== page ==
1. What is the Mosaic sinkhole and how did it form?
The Mosaic sinkhole is a massive 45-foot-wide sinkhole that recently formed at the Mosaic fertilizer plant in Mulberry, Florida.
The hole was first discovered on August 27, 2016, but Mosaic did not alert the public until September 16—nearly three weeks later. (We don’t yet know whether Mosaic alerted authorities more promptly.)
Two hundred and fifteen million gallons of radioactive wastewater have drained into the sinkhole, and into the Floridan aquifer system. Mosaic admits that the contaminants have reached the aquifer.
2. What is phosphogypsum?
Phosphogypsum is a waste product formed in the production of fertilizer from phosphate ore. (Florida produces 90% of the United States’ phosphate for fertilizers.) Although gypsum is a widely used material in construction, phosphogypsum is not used but rather stored indefinitely due to its radioactivity.
The process of phosphate mining is controversial due to its environmental implications.
The Environmental Protection Agency (EPA) banned the use of phosphogypsum in 1989. Since then, the agency “requires that phosphogypsum be stored in above-ground stacks, which are designed to keep emissions of radon and other radionuclides in line with acceptable risk practices.”
According to the Center for Biological Diversity (CBD), phosphate mining also releases radon into the air, which can cause cancer.
3. How does the sinkhole affect Floridians?
It has contaminated the Floridan Aquifer used by millions of Floridians for drinking water.
The aquifer system is an underground network of porous rocks through which water passes. According to the U.S. Geological Survey, “The Floridan aquifer system is the primary source of water for nearly 10 million people and supports agriculture, industry, and tourism throughout most of the region.”
“The Floridan aquifer system is the primary source of water for nearly 10 million people and supports agriculture, industry, and tourism throughout most of the region.”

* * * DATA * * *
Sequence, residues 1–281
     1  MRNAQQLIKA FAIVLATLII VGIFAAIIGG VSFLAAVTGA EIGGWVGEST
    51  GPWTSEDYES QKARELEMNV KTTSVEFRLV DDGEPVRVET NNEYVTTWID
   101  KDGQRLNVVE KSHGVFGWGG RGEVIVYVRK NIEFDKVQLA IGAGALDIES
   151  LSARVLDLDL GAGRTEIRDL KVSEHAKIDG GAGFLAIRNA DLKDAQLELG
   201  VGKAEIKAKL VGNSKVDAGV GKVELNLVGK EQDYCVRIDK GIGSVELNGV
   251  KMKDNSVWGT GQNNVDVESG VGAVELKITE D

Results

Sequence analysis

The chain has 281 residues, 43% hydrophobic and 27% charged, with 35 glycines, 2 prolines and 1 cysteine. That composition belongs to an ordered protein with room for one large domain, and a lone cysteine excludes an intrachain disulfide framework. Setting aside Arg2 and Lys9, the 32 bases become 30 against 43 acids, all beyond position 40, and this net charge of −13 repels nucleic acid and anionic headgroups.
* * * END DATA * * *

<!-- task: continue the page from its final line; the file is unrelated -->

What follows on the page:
The Weather Channel reports that the Floridan Aquifer is “the principal source of groundwater for much of the state, and the cities of Tallahassee, Jacksonville, Gainesville, Orlando, Daytona Beach, Tampa, and St. Petersburg all rely on it.”
Additionally, according to environmental attorney Frank Petosa, water that escapes from the aquifers creates springs that are used for recreational activities like swimming and snorkeling.
The contaminants from the Mosaic sinkhole will likely include natural radionuclides like uranium and radium (as per the EPA’s page on phosphoygypsum stacks).
4. Has this happened before?
Yes. In 1994, a 185-foot-deep sinkhole formed below an 80-million-ton pile of radioactive waste at this same facility. (See Slide 4 in this National Geographic article for a jarring photo and more details on the 1994 sinkhole.)
It is no wonder, then, that environmentalist groups like the Center for Biological Diversity have long called for an end to phosphate mining. Jaclyn Lopez, Florida director at the CBD, states:
“Enough is enough. Mosaic wants to mine an additional 50,000 acres of Florida’s beautiful, biodiverse lands, but this incident makes clear it can’t even handle the radioactive waste it currently generates. We must come together and demand that our counties, our state and our federal government reject further expansion of this dangerous industry.”
In response to the Mosaic sinkhole, protestors gathered outside of Mulberry City Hall aiming to hold the industrial company accountable. Many expressed grave concern over how water contamination could affect their health and the health of their families.
5. What should I do if I live in the affected area?
If you live in Hillsborough or Polk County and own land or a well in one of those counties, you should call 888-987-1307 to determine the best course of action.
Morgan & Morgan is one of the nation’s leading plaintiffs-only law firms. In addition to filing legal proceedings against Mosaic, the firm’s ClassAction.com attorneys will continue to monitor the environmental impact of the sinkhole, as well as any possible health risks posed by the water’s contaminants.
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